A chemist, a physicist, a biologist: Rosalind Franklin was a truly inspiring woman, who- as you may notice is a recurring theme in the lives of historical female figures- went against the odds to strive for a career in science, despite the sexist beliefs of not just society, but also her father’s and lab partners’.
Born to an influential Jewish family (her uncle being part of the Cabinet, her aunt a suffragist and her father a banker) in London, Rosalind Franklin was one of the lucky few girls of the time to get a ‘proper’ education. She excelled at school (especially in Sciences and French) and was offered a scholarship to Cambridge. After a battle with her father (who believed she should aid the war effort through social work rather than become a scientist), she was able to go to Cambridge.
Here, she studied Physical Chemistry, and completed her PhD on the relationship between density, porosity and permeability of coal (how tightly packed it is, how holey it is, and how easy it is for water to pass through it). This discovery lead to more efficient gas masks to be used in WW2 and probably saved many lives: most definitely proving her father wrong!
It is likely that when hearing the name Rosalind Franklin, it is paired with X-Ray Crystallography. It is what allowed her to uncover the shape of DNA, and she was able to learn it because of her knowledge of French! She was invited to Paris and continued her research into coal, aided by Jacques Mering. But it was at King’s College, not Paris, where she made her celebrated discovery!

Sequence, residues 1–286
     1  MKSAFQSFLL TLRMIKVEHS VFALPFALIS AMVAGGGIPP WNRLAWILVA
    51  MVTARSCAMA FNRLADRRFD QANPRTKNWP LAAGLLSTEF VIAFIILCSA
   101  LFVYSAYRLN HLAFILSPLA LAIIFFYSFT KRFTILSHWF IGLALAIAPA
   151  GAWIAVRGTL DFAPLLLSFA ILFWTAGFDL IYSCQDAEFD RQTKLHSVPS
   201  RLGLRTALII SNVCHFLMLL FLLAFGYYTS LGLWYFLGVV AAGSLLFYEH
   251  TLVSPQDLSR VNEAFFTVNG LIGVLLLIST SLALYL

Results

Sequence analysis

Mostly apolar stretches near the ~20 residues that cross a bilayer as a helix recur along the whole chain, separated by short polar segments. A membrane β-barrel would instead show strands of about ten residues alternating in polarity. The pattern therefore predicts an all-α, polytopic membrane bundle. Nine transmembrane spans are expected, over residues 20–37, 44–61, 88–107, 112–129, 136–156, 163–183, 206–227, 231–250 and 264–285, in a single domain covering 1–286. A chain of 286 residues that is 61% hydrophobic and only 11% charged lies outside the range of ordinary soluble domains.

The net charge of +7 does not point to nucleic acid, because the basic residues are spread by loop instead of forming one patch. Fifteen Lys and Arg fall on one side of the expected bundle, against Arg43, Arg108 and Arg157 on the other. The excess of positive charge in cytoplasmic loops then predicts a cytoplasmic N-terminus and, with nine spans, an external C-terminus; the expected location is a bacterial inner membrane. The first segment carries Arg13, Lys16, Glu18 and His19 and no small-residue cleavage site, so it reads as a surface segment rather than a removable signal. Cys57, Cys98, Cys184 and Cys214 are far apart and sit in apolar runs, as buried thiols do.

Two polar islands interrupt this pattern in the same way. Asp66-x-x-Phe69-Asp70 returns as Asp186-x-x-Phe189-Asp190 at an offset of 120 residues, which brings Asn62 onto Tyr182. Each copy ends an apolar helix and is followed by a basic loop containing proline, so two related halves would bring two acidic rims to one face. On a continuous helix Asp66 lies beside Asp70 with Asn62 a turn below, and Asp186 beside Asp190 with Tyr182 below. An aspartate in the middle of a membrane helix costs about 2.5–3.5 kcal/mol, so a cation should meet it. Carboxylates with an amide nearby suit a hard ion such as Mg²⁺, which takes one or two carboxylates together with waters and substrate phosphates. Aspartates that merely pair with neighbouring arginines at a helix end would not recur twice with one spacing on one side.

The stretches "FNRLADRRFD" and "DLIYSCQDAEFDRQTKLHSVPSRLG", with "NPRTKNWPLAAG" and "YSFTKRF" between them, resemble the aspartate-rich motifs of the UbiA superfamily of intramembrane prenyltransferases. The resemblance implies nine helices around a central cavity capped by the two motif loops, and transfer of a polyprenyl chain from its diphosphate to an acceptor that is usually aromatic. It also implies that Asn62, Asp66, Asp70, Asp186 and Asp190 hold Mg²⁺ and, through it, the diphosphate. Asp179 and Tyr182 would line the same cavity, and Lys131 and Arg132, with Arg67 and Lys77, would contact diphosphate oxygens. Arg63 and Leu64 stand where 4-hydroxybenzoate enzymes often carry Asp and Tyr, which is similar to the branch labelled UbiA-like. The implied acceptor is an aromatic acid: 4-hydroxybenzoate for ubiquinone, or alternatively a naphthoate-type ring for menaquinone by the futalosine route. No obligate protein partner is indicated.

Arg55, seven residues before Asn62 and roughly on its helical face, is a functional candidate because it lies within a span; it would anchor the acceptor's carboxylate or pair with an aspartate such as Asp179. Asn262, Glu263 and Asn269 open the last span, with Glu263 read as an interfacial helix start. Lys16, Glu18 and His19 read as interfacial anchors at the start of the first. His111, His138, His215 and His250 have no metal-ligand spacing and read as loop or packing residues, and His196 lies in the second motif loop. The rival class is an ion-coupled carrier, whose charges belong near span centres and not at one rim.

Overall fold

Working in the biophysics lab of King’s College London with her colleague Maurice Wilkins and PhD student Raymond Gosling to uncover the evidence of the structure of DNA, at the same time that James Watson and Francis Crick (often cited as the discoverers of DNA) were attempting to model it. Together, they refined their methods to slowly image the DNA, using X-Ray Crystallography, but it is Franklin who took the famous ‘Photo 51’.
How does X-Ray Crystallography work?
X-rays are fired at the target, and are deflected by electrons in its atoms. The deflected x-rays darken the film, and leave an image. The structure of the molecule can then be inferred, as particular structures scatter the x-rays in specific ways. Seeing this image confirmed one of Watson and Crick’s theories, after they were shown it by Wilkins without Franklin’s consent!
They do briefly mention Franklin’s work in their paper, but it is possible that Franklin never knew the extent to which their deductions relied on her work!
Unfortunately, she died a few years before the Nobel Prize was awarded to Watson and Crick, and all of the recognition for her endeavour was posthumous.
What’s the point of it all?
Understanding the structure of DNA was the gateway to understanding how, and why, DNA is the molecule that encodes evolution and ultimately decides who we are. It is the driving mechanism of your body, telling your body what chemicals (mainly proteins) to produce and what to do with them, so understanding this seems to be the key to understanding who we are, and discovering possible treatments for those with genetic conditions! Additionally-and topically, as it always seems to be in the news- if we didn’t understand the structure, gene editing softwares like CRISPR wouldn’t be possible. Whether that is good or bad thing, I’ll leave you to decide! That’s a post for another day…
If you can’t trust an atom… trust in science!
☆it’s like magic, but it’s true whether you believe in it or not!☆
See you next time!
Why Rosalind Franklin? It is part of a (albeit sporadic) series of posts I am putting together on Women In Science!